Recently something really rare happened. I got to leave the house and run errands by myself! 🙂 That’s a real treat these days and I decided to take advantage of my freedom and stop by Target just to look around and check a few prices.
I was casually browsing the baby aisle when I heard her. An unhappy mom, in the toy section, speaking very loudly to a kid (or kids, I didn’t yet know).
“You can’t buy that, it’s a waste of money!”
“Do you even really WANT that? You don’t just buy things to buy things, you have to really want it!”
I was interested in the exchange right away, because I think a lot about how I want to teach my sons about money. I wasn’t exactly eavesdropping, since she was so loud, but I was definitely paying attention.
The mom was loud, bordering on belligerent. Everyone within a six aisle radius knew she was in a bad mood.
I try not to judge too much, because I haven’t been there. My oldest is yet to turn three and his main understanding of money is that we pay for things before we are allowed to take them home from the store. And like any parent, I understand how it feels to be totally exhausted and exasperated by my own kids. We’ve all been there. We’ve all had our moments.
But then I heard her raise her voice even louder and say “You’re a LIAR! You’re lying to me! You don’t really want it, you just want to buy something!”
I walked past the aisle she was in and finally saw who she was speaking to. A very small girl, maybe five or six years old. Throughout the entire exchange I never heard the little girl’s voice once, so she must have been speaking much softer than her mother.
Liar. That really stuck out to me. Strong, harsh words in my opinion. What impact are those words going to have on that little girl emotionally? On her relationship with her mother? On her relationship with money?
I made my way down to the massive Valentine’s section and came across another mom. This mom had two boys, just like me, so I gave her a friendly smile. Her boys were much older than mine, both probably in elementary school.
I quickly realized they were shopping for Valentine’s for their classmates and teachers, and that each boy had a set budget to work within. They were carefully considering all of the cool options, making sure there were enough goodies in a package to cover the number of friends in their class, but also checking prices and doing math on their fingers.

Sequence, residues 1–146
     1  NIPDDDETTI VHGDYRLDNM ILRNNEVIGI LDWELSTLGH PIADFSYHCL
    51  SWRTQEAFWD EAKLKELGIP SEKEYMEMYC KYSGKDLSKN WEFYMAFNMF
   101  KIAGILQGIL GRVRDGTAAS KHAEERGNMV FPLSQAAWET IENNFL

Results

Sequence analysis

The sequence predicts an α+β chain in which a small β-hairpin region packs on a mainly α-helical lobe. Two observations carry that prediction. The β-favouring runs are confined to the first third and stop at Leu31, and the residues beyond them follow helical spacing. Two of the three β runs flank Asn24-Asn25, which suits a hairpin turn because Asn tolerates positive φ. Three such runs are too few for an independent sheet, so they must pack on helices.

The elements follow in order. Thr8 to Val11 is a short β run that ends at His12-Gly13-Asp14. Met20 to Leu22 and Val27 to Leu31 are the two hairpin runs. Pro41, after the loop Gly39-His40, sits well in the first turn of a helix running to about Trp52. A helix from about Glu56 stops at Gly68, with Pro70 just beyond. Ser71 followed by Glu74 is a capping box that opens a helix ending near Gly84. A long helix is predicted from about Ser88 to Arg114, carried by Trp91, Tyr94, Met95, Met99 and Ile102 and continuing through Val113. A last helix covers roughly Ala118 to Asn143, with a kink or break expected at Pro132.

The younger of the two brothers kept getting distracted by the big heart shaped boxes of chocolates and exclaiming “Mommy, can I buy something for you? I want to buy something for you!” It was obvious this kid took great joy in buying gifts for others, not just spending money on himself.
His mother was very gentle, redirecting him back to the task at hand. She told him “maybe you can come back later with Daddy to pick something out for me.”
But this gentle, loving mom was no pushover. When the older of the two boys added up the cost of two large Valentine’s he wanted for his teachers, he was over budget. “Sorry, buddy. You can’t spend $16 on your teachers,” she said. “You can get that for just one teacher, or you can get something smaller for both of them.”
Her tone was calm, kind, and cheerful. She wasn’t rushing her sons, or pushing them to make the choice she wanted to make, and she was firm. The boy didn’t throw a fit, he just placed the items back on the shelf and kept carefully considering his options.
The younger brother, who had already picked out candy for his class, quickly chimed in “or you can have some of my money!”
Now that mom is doing something right!
Now, I don’t know anything about those two women in Target other than what I observed for a few short minutes. It wouldn’t be fair to label one a “good mom” and one a “bad mom.” But the interactions did give me a lot to think about when it comes to parenting and money. I know I want to be the kind of mom who is gentle and kind, but firm.
How about you? Have you witnessed anything interesting at Target lately?